This is getting real very quick:
So, it will become real botnet..
It has been almost 40 years of computer experience, first on my personal Macintosh, and IBM PC DOS, etc. at the company I work for.
But I realized the frivolity of virtual reality and woke up to the importance of the real world and switched to a “digital detox” at home.
Now, I have limited uses for my PC, all of which are sufficient for third-party programs (LibreOffice, IrfanView, darktable, digiKam, SumatraPDF, Firefox, Thunderbird, AIMP).
For me, the key concern is whether I can continue to do what I currently need to do, or not.
To be honest, I’m not interested in OS bloatware (niche programs that are added) at all.
In other words, In other words, I am not interested in Windows 11, I am only interested in whether it will provide adequate update support for security patches and bugs.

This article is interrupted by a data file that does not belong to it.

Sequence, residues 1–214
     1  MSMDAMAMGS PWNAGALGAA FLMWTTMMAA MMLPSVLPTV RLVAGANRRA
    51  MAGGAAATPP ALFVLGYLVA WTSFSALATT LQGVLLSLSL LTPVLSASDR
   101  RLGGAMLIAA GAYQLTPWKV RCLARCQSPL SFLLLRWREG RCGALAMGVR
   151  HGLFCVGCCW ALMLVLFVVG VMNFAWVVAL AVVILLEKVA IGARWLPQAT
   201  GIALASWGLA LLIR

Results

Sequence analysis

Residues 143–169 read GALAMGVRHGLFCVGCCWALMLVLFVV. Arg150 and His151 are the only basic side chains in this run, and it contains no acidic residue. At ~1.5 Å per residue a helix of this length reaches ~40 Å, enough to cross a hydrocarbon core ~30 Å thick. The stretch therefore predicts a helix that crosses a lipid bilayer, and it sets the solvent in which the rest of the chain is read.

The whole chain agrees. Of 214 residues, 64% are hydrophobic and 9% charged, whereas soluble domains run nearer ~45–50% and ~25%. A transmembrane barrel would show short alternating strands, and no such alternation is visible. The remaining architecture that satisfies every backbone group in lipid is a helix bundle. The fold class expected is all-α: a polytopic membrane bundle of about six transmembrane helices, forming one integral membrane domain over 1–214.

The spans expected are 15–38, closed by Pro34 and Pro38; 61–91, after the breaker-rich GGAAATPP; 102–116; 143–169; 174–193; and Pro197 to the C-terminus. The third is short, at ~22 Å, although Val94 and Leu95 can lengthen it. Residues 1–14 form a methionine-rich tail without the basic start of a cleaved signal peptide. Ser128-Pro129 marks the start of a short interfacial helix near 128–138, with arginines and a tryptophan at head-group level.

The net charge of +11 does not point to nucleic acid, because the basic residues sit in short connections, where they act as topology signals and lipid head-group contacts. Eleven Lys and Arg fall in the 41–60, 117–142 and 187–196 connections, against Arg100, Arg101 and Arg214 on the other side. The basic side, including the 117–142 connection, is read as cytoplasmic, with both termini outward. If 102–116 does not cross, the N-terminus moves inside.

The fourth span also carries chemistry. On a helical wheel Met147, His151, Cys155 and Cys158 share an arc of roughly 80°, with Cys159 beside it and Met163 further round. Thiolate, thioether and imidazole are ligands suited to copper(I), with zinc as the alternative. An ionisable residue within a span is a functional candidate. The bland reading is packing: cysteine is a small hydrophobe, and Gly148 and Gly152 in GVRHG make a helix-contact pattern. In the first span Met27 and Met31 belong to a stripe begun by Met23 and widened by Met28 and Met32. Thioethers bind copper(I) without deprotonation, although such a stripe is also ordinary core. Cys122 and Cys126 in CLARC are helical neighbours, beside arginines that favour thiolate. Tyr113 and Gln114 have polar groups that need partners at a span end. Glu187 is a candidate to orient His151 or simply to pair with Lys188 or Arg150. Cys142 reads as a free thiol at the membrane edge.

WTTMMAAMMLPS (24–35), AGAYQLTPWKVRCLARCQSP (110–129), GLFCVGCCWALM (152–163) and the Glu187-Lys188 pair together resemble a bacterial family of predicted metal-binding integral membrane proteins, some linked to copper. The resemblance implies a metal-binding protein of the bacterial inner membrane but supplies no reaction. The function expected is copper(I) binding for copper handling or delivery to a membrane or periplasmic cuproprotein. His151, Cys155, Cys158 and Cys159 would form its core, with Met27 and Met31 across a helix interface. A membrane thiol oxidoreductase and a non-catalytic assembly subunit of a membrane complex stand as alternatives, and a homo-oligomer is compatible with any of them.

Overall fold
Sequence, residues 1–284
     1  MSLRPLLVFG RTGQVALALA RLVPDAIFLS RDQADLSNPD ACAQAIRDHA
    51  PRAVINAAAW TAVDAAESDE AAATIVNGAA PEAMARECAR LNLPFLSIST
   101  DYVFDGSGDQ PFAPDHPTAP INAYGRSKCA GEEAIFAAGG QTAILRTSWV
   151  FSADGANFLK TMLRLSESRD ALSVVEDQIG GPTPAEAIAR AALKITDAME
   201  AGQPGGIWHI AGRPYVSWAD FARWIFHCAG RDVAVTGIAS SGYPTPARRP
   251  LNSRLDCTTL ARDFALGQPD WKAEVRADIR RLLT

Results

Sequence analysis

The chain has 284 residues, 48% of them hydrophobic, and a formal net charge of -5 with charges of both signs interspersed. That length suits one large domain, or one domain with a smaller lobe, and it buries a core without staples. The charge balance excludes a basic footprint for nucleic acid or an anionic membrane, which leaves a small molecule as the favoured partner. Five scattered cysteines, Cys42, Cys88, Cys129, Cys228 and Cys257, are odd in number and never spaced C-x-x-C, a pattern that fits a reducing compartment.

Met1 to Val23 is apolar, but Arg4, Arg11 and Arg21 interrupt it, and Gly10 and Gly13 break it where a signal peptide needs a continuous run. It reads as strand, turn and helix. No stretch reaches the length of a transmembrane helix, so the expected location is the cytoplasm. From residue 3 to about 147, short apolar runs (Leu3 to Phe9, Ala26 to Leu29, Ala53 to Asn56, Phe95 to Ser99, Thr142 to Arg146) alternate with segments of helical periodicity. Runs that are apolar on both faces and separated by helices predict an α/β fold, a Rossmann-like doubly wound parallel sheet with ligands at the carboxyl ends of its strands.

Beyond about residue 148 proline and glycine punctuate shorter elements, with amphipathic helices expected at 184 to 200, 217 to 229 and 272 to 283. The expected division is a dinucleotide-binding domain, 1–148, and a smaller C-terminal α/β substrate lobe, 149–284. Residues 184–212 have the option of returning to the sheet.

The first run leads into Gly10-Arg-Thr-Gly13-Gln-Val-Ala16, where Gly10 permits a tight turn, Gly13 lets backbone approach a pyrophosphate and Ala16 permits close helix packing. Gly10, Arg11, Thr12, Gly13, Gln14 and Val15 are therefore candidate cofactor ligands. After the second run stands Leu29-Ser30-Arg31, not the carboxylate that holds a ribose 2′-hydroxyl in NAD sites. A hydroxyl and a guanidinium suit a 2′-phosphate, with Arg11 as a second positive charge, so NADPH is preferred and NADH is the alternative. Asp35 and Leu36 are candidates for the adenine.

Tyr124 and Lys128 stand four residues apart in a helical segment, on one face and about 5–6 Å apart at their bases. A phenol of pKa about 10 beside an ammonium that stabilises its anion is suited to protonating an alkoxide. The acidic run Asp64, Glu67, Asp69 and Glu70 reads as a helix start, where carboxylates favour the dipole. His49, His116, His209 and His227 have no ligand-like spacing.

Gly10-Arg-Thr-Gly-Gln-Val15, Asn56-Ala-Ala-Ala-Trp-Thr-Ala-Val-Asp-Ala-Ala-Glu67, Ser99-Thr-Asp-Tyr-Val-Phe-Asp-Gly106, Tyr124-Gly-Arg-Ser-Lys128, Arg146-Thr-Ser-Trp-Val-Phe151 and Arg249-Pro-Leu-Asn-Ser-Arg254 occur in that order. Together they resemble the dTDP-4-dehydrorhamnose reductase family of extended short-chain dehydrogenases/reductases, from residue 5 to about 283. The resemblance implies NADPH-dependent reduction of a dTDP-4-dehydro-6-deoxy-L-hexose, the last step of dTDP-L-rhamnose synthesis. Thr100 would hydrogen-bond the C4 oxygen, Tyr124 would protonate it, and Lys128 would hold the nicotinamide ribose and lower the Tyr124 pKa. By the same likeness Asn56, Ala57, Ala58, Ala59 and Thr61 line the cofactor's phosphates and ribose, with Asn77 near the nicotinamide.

If I ever need to change my OS, “LTSC” is a strong candidate.
Microsoft’s new marketing pitch: “Windows 11… it’s our new Windows 8”
I can’t believe that upgrading from Windows Home to Windows Pro consistently costs $100.
I bought Windows 10 Home ten 6 ago and I was hoping to upgrade to Pro and i was looking for a deal, which never came. Piracy is my only option…
It doesn’t. Pro was being offered by computerworld (?) for $30 late last year. Otherwise, ebay is your friend.
With 11 on the horizon, I’d bet deals will be found.
If Microsoft has a vested interest in upgrading as many devices running Windows 10 as possible, why the hardware compatibility is so selective?
At some point – we may be almost there – the only stomach-able version of Windows will be some hacked Monkrus version or something.
No M$ for my devices. I’d rather take bear mace to the face every day than use their crap.
In the end, I bet this becomes 21H2 or something, with some Marketing curated narrative experience claiming future release, delayed for awesome delightness. Or some such effluent…
what is your take on all of this?
wake me up in 2025
I remember when Windows 10 came out, and we were flooded with articles on how to prevent Microsoft from upgrading our Windows 7 machines. I read those articles carefully and followed their instructions.